The nature of cash distributions

Income trusts have creative ways of sustaining their cash distributions through returns of capital.

Many investors question how any organization can continue to distribute cash to its owners in excess of its earnings. Sure, it can do so for a while, using excess cash. And it can extend that while using borrowed money. But aren’t these tactics ultimately self-defeating? This question brings up that of the real meaning of earnings in the generally-accepted-accounting-principles (GAAP) sense.

An analogy may help. Suppose you bought a 10-unit apartment building in 2000 for $1 million with a mortgage of $700,000 and equity of $300,000. You charged rents of, say, $1,000 a unit per month for total annual revenue of $120,000. Further, suppose your operating, maintenance and financing costs totaled $80,000. That left you with a profit of $40,000 on your investment.

Today, however, the inflation of the past 21 years plus the fact that your building is now in a more attractive location due to urban developments means you can charge $2,000 a month, or $240,000 a year. Further, suppose your expenses have risen to $160,000. That means you have doubled your operating profit to $80,000. Arguably, your building is now worth twice as much—$2 million. So you refinance at, say, $1,400,000 and pay yourself a nice bonus of, perhaps, $300,000.

What it means to the CRA

What does that bonus mean to the Canada Revenue Agency? It means return of capital up to your initial investment of $300,000, which is not immediately taxable. You’ve simply taken your money off the table. Mind you, had you paid yourself $400,000—more than your original investment, you’d have a capital gain of the amount of the excess—$100,000.

In our example, you’ve now got equity of $300,000 ($2 million less $1,400,000 mortgage less $300,000 bonus), just as when you started. Is this a sustainable process? Perhaps not.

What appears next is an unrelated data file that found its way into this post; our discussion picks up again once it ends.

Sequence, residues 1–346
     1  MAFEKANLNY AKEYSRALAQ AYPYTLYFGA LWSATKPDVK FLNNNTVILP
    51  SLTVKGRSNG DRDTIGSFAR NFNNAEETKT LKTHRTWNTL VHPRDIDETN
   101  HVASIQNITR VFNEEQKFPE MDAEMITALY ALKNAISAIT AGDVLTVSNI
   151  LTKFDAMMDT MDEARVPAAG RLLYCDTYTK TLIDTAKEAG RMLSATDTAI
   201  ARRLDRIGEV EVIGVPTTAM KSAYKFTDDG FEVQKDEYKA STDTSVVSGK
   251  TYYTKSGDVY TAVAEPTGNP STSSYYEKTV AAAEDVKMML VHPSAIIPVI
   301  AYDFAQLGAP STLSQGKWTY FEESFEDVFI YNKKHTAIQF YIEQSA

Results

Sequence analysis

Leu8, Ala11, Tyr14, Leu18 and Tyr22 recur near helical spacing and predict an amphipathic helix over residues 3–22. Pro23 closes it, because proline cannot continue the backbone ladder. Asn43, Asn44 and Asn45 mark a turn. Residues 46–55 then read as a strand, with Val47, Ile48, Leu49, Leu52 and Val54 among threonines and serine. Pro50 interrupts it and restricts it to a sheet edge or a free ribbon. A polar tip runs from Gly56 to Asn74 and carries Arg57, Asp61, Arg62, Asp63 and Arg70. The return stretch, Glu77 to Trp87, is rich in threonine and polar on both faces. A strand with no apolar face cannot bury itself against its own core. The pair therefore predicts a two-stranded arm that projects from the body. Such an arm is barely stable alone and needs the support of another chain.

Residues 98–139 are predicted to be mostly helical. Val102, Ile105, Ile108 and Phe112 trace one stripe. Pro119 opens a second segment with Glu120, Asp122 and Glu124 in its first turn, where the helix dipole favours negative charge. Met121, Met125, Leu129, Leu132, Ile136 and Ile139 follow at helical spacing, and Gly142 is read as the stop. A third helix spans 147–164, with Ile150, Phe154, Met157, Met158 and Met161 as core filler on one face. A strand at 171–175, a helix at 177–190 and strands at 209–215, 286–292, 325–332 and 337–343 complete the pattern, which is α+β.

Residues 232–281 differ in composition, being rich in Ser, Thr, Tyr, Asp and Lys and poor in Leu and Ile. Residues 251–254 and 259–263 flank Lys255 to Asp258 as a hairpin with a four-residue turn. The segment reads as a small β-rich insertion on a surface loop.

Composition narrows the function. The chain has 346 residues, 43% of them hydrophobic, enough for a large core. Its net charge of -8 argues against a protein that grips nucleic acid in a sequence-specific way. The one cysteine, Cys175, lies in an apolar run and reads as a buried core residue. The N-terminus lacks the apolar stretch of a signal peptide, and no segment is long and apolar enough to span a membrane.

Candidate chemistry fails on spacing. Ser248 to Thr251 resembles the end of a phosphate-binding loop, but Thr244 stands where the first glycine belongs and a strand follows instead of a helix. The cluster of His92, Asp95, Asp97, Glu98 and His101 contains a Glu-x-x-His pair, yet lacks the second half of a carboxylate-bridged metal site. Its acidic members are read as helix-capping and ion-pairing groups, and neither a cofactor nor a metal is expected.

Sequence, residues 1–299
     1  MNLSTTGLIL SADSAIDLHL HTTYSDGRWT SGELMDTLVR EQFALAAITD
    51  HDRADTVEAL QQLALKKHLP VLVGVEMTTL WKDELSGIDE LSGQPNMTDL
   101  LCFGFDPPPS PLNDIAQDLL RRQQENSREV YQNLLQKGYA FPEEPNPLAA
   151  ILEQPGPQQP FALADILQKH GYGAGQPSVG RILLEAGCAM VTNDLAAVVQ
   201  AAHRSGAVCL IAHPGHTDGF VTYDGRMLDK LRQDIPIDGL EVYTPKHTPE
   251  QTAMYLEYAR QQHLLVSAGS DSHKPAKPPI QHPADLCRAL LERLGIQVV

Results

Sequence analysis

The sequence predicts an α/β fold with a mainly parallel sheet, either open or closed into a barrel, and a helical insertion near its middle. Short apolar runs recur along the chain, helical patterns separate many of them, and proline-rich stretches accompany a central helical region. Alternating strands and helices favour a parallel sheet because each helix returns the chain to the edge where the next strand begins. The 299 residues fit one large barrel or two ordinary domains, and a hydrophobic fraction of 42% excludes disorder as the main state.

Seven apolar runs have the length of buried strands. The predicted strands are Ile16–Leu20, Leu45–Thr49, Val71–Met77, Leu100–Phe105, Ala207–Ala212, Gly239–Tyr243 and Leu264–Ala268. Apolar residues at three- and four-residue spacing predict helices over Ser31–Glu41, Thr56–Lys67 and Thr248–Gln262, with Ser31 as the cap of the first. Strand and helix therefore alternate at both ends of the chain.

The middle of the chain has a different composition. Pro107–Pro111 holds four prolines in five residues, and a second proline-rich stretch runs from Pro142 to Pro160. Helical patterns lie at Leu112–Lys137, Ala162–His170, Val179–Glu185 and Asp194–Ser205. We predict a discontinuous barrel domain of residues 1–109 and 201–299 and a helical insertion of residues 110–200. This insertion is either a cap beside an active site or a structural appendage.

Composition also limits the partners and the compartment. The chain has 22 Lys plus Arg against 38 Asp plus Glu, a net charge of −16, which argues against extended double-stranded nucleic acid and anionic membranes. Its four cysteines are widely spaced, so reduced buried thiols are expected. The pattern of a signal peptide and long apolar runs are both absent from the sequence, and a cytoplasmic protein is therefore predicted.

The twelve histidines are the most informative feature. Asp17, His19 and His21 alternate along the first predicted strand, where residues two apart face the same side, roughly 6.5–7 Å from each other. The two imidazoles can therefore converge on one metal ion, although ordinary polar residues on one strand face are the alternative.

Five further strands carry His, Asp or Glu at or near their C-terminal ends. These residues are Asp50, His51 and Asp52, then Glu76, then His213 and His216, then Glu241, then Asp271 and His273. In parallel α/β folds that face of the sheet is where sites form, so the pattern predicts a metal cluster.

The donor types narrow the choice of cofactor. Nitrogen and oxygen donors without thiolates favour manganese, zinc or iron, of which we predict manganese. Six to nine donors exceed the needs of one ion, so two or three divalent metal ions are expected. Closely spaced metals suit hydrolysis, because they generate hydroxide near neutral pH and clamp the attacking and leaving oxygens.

But suppose we enter a period of deflation. Rents fall. You have trouble meeting your mortgage payments. Maybe the mortgagee forecloses. You lose everything. But in real terms, you have nothing invested. You got all your capital back—plus some profit along the way. If the market value of your building falls below $1,400,000, the mortgagee will lose. But then, he’s taken that risk in return for a yield far greater that that of treasury bills.

Accountants can spread (accrue) this process over many years, giving investors some profit and some return of capital each year. That’s exactly what real estate investment trusts and many income trusts do.

Take CAP REIT, for example. For the 2020 taxation year, 43.8 per cent of the REIT’s distribution was taxable as regular income, 0.1 per cent was taxable as dividend income, and 56.1 per cent was a return of capital, meaning it was not taxable and should have been deducted from the adjusted costs base of your units.

This is an edited version of an article that was originally published for subscribers in the November 26, 2021issue of Money Reporter. You can profit from the award-winning advice subscribers receive regularly in Money Reporter.

Money Reporter, MPL Communications Inc.
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